Noncommissioned officers and enlisted men usually lived in communal barracks and messed with their company. Enlisted men received $13 a month and rations; pay for noncommissioned officers was proportionally higher for the different grades. Each company was given a prescribed food ration per man each day. In garrison, individual rations included 12 ounces of pork or bacon (20 ounces of salt or fresh beef could be substituted) and 22 ounces of flour or bread with 16 ounces of hard bread substituted for field rations. For every 100 men in garrison each day, the commissary rationed 8 pounds of ground coffee, 15 pounds of beans or peas, 10 pounds of rice or hominy, 30 pounds of potatoes (if available), 1 quart of molasses, 15 pounds of sugar, 3 pounds 12 ounces of salt, 4 ounces of pepper, and 1 gallon of vinegar (Billings 1974). Each company was also supposed to raise a garden to provide fresh vegetables, but gardens often failed in the harsh plains climate.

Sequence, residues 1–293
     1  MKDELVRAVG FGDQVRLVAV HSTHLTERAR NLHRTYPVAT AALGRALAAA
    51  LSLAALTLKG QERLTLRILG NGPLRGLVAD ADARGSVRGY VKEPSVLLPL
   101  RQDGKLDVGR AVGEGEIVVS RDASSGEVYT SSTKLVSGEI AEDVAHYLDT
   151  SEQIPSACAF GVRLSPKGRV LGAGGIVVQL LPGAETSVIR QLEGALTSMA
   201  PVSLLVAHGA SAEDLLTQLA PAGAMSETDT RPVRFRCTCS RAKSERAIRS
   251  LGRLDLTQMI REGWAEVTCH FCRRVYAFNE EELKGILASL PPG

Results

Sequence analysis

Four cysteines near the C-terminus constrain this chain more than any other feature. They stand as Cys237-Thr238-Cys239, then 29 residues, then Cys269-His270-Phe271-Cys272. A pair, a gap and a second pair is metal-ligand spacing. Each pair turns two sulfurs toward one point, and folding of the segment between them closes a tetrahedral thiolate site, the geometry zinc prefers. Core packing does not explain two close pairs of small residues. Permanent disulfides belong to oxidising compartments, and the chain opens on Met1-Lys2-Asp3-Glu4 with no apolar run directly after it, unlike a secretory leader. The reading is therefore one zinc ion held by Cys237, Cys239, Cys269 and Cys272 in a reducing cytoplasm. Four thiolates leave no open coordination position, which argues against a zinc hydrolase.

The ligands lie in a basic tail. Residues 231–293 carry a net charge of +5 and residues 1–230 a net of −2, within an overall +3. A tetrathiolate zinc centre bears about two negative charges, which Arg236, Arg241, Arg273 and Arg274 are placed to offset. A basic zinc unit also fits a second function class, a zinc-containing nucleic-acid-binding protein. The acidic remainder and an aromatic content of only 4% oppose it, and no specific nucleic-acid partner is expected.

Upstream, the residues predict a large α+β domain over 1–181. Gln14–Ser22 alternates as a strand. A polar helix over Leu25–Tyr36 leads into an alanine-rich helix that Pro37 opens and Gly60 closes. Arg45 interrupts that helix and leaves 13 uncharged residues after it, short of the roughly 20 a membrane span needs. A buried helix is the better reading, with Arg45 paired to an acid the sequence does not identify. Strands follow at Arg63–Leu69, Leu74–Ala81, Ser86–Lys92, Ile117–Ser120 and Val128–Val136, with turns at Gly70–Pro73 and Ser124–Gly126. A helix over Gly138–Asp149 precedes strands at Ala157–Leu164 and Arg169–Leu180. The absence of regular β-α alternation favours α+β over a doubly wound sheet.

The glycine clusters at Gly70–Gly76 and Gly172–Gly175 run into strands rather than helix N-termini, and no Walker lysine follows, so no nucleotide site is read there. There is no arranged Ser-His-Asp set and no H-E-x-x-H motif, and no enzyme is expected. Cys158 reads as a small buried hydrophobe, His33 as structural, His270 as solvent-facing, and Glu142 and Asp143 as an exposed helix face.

Enlisted personnel were discouraged from marrying and in fact had to receive their commanding officer's permission (Kautz 2001:12). Married enlisted men's wives often worked as laundresses for the company and regiment. Laundresses were provided with rations and quarters; these allowances and the pay were incentives for an enlisted man to marry a laundress (Rickey 1963; Coffman 1986). Married enlisted men, often noncommissioned officers, lived with their wives and children in whatever housing they could find. If married to a laundress or hospital matron, the soldier might live in quarters designated for them. Otherwise he might live in a tent or some building that he constructed. No married enlisted quarters officially existed at this period, although some commanding officers did allow use of otherwise unoccupied or unused post buildings.